- Safety of the child and the safety of either parent from physical abuse by the other parent.
- Preference of the child, if of age, and capacity to reason so as to form an intelligent decision.
- Needs of the child.
- Stability of the home environment offered.
- Quality and continuity of the child’s education.
- Fitness of the parents.
- Geographical proximity of the parents’ homes.
- Extent and quality of the time spent with the child prior to or subsequent to the separation.
- Parents’ employment responsibilities.
- Age and number of children.
This list of factors is not exhaustive, but the litmus test is always the best interest of the children.
Does My Child Have a Say in the Custody Arrangement?
Courts might consider the child’s preference as long as they are old enough to reason and form intelligent decisions. In New Jersey, a child has to be 12 years old or older for their wishes to be considered. Even if the child makes a strong case for one of the parents, the judge still makes the final decision based on the child’s best interests. Children must wait until they are 18 years old to choose where they want to reside.
What if Parents Cannot Agree on a Custody Arrangement?
Coming to an agreement about custody and parenting time can be challenging. When both parties are at odds, courts can order them to participate in mediation. An objective mediator can help the parents work out their differences, and they can find a solution that is acceptable by both of them.
A custody evaluation may also be ordered by a court. This is managed by mental health professionals who speak with the couple as well as the children. They assess the circumstances and provide non-binding recommendations to the court regarding custody and parenting times that will be the most beneficial to the children.
The Family Division can also carry out investigations. These inquiries delve into both parents’ characters and fitness, their homes and safety precautions, and how many people live there and what their relationships are to the children. The Family Division will also look into the family’s economic condition and will do criminal background checks on both parents.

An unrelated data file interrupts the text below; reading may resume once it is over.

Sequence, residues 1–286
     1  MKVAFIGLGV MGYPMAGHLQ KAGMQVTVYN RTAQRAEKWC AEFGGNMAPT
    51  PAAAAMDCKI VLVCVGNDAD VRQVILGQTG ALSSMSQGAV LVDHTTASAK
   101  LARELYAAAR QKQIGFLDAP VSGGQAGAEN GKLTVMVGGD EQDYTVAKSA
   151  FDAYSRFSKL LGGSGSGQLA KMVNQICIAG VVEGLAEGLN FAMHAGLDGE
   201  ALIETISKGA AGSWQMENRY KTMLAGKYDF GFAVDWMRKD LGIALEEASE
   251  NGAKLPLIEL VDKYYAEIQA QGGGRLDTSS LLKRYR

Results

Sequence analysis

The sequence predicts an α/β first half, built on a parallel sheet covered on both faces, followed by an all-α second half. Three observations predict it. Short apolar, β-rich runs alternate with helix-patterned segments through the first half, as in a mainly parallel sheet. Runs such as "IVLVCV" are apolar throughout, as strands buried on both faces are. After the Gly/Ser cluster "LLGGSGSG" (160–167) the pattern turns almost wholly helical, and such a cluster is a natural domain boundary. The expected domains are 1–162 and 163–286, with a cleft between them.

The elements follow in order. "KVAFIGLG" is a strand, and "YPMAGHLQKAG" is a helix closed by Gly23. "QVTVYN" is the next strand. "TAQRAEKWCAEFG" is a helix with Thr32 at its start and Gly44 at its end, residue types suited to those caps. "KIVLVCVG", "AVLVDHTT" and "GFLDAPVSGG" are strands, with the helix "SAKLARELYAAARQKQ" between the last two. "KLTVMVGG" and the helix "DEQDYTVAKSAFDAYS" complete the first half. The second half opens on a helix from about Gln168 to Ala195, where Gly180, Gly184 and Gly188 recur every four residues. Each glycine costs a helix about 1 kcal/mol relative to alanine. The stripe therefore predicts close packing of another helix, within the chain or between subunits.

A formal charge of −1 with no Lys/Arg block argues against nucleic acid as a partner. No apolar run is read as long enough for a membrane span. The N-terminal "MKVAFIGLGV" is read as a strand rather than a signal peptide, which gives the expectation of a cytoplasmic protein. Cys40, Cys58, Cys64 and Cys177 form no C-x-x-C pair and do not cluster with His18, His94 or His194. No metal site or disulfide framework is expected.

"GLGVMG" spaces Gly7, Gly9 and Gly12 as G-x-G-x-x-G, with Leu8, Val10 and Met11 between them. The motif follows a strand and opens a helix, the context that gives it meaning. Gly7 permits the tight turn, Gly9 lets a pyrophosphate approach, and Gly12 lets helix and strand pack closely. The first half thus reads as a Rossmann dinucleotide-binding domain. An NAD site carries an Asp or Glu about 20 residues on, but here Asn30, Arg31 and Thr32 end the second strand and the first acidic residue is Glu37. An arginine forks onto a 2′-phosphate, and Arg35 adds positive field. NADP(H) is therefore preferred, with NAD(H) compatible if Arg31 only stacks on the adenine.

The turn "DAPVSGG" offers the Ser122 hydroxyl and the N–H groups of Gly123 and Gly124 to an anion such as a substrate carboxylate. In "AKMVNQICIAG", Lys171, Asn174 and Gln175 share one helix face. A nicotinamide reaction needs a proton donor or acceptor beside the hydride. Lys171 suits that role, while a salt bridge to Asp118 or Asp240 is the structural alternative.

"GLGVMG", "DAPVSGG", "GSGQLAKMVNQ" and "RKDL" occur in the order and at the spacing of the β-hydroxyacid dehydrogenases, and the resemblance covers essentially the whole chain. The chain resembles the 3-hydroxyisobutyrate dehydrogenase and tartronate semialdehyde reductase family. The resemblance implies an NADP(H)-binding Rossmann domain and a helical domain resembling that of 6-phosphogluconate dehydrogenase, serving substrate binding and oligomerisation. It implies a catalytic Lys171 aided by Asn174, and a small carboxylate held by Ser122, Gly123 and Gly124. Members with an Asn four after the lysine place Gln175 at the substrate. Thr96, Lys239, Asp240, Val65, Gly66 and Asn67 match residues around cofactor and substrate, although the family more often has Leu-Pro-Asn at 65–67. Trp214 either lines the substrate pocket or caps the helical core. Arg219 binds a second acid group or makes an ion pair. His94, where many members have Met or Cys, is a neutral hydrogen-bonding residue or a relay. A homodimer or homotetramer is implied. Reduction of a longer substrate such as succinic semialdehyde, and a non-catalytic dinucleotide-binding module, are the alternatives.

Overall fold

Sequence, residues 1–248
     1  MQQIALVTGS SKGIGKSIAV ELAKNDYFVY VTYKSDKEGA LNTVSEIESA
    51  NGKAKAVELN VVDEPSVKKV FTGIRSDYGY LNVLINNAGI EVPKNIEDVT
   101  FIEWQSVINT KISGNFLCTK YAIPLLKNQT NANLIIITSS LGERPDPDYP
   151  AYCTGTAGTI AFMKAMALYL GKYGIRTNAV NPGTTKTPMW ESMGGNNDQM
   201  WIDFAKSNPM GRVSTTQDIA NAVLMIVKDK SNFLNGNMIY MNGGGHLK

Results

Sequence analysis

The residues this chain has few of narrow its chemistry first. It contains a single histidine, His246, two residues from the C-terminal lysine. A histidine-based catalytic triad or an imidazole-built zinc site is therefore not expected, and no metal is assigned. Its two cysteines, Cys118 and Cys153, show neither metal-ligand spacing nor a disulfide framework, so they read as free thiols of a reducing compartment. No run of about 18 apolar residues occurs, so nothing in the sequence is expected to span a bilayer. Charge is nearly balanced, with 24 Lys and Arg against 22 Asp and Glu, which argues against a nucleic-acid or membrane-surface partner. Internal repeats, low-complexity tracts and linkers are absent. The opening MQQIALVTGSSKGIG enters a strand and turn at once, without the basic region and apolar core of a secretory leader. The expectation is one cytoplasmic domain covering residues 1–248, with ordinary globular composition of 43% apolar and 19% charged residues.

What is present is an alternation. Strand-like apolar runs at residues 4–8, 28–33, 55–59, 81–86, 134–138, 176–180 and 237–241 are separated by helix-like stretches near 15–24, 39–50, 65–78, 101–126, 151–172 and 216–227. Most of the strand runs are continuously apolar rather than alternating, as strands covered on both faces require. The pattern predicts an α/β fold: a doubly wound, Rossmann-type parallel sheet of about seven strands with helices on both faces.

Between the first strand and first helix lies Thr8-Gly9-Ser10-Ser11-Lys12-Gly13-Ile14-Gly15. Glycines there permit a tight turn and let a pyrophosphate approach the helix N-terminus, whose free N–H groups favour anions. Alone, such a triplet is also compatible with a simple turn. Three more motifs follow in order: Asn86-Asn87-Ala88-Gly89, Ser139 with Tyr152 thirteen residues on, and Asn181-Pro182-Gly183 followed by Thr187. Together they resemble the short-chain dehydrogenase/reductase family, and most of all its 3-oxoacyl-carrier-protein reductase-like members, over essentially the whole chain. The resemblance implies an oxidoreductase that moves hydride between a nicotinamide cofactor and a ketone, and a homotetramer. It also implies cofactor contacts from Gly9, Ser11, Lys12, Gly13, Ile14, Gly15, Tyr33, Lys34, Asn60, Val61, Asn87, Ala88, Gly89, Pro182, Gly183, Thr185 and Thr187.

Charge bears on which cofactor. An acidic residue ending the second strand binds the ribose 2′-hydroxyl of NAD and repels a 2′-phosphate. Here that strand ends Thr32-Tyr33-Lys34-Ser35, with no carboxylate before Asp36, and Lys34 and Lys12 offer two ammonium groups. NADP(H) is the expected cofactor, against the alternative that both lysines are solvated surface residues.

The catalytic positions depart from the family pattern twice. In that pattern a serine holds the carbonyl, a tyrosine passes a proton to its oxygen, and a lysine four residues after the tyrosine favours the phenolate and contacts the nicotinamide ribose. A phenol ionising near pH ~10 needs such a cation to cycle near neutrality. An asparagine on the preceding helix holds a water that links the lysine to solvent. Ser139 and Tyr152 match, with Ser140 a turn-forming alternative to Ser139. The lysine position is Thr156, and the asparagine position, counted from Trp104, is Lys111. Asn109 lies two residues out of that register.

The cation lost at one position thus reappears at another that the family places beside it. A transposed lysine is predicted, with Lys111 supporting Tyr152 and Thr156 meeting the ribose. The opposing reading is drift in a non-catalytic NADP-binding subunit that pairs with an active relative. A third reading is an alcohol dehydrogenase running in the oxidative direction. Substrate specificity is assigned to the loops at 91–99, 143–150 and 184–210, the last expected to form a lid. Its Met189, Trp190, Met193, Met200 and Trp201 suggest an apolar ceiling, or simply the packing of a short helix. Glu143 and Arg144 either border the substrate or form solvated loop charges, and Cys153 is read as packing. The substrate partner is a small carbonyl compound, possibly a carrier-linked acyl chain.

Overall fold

How Can I Make the Process Go Smoothly?
The child custody process does take time, and this can be extraordinarily stressful on the parents and children. It is best to avoid posting anything about your divorce or child custody arrangement online. Another piece of advice is to avoid arguing in front of the children. Cooperating with your ex-partner can be quite difficult, but if you keep your children’s best interests at heart, the process will go more smoothly.
How Can a Lawyer Help Me With a Child Custody Arrangement?
An experienced lawyer may be able to provide valuable help when important issues about custody and parenting rights cannot be ironed out between you and your ex-partner. A lawyer can help you settle on or modify custody and visitation orders, sole and joint legal and physical custody arrangements, and even grandparent visitation issues. They can also step in if a parent violates a visitation plan, makes an unapproved change, or interferes with the other parent’s custody schedule.
A lawyer can also provide legal guidance when one parent moves to another state. A lawyer understands how jurisdictional boundaries impact custody cases and how laws in different states apply.
Burlington County Child Custody Lawyers at Goldstein & Mignogna, P.A. Help Divorcing Parents Smooth Out Child Custody Issues
When you are going through a divorce, you want to ensure that your children will be safe and protected. Our compassionate Burlington County child custody lawyers at Goldstein & Mignogna, P.A. understand your concerns, and we can help you figure out an arrangement. Call us at 856-890-9400 or complete our online form to schedule an initial consultation today. We are located in Marlton, New Jersey, and we proudly serve clients throughout South Jersey, including Burlington County, Camden County, and Gloucester County.